So you’ve heard there could be a big cyberattack coming…
Perhaps you’ve turned on the news and caught wind of warnings about, umh, some countries allegedly trying to mess with other countries’ cyber networks and infrastructure — even private homes. And now you’re worried. What does this mean? Will my devices stop working? Is my internet safe? What do I do?
Step 1. Breathe — you’re definitely not powerless
Now you may feel that fending off a massive cyberattack by a hostile world power is a tad above your pay grade. In reality, it’s the little things that can make all the difference.
There isn’t one single app or feature that can guarantee you won’t be even slightly inconvenienced by a state-sponsored, large-scale cyberattack — part of what makes these threats so scary for people is that it’s hard to predict exactly how they are going to play out. So your best bet is to plug as many holes, and cover as many angles, as possible. Preferably before anything happens.
You’ll be surprised how far a little prevention will take you — and nothing makes us happier than empowering you.
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Step 2. Get or update your antivirus — this is your first line of defense
A good antivirus can (and should) do more than just block malware from getting into your computer. If you want your antivirus to hold up against a massive attack, there are a couple of essential features you should be on the lookout for.
- Router security. Hacking into routers — including the one you have at home — gives an attacker potential access to the devices connected to it, the data that goes through it, and the ability to direct traffic to malicious places. Our Wi-Fi Inspector feature, included in our free antivirus, scans your home network and router for vulnerabilities. If you are using a different antivirus, don’t settle for less — if it won’t cover your router and home network too, it’s time to switch.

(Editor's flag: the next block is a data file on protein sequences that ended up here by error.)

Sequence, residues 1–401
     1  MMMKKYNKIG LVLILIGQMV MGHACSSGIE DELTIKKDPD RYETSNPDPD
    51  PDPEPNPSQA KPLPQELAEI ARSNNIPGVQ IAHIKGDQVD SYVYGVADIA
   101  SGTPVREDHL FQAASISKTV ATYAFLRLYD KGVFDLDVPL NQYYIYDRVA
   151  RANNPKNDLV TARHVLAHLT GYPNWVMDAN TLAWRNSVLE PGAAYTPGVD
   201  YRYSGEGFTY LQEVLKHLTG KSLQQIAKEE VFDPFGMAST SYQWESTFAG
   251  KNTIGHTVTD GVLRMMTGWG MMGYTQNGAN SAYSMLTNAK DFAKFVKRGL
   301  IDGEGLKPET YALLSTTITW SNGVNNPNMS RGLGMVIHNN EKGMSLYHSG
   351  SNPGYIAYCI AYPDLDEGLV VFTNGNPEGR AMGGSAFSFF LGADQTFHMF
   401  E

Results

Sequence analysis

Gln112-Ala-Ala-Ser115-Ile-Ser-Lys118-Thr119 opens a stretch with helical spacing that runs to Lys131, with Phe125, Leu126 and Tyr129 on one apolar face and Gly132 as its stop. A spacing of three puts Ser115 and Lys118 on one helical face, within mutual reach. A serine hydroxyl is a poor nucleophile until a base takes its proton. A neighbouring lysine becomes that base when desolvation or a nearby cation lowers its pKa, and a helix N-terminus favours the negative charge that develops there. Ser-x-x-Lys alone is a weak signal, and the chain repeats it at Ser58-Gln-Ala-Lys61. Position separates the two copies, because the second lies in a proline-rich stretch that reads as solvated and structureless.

- Behavior analysis. State-sponsored cyberattacks often use sophisticated malware that can stay hidden in your computer for a long time, until it suddenly activates and starts causing mayhem. Make sure your antivirus also keeps an eye out for anything that suddenly starts acting weird in your PC and stops it in its tracks. All our antivirus products (including our free antivirus) now come with Behavior Shield, which does this automatically.
While we’re on the subject of routers, these precautions can stop attackers from sucking you into taking part in an involuntary DDoS (distributed denial-of-service) attack — which is when attackers use your computer (together with often thousands of others) to launch simultaneous attacks on their intended target, such as a company, agency, power grid, etc. by bombarding it with more traffic than it can handle, and therefore shutting it down.
- Open your router settings page and do this:
- Ensure that the SSID (or Wireless Network Name) has a unique name (not the default one that comes with it!).
- Change the default admin username and password for your router.
- Turn on WPA2 encryption.
- Upgrade your router firmware.
- Disable any remote access services.
- Make sure you trust all the devices that you connect to your network.
- If you have installed Avast Antivirus, run Wi-Fi Inspector regularly.
Step 4. Make sure your friends and relatives are protected — it’s free
It really doesn’t cost a thing to make sure everyone you love has essential protection up and running — and in the event of a national-scale cyberattack, you really should do this right about yesterday.
We’ve made it easier than ever to share Avast Free Antivirus with anyone you’d like.
- You can either send them our recommendation page…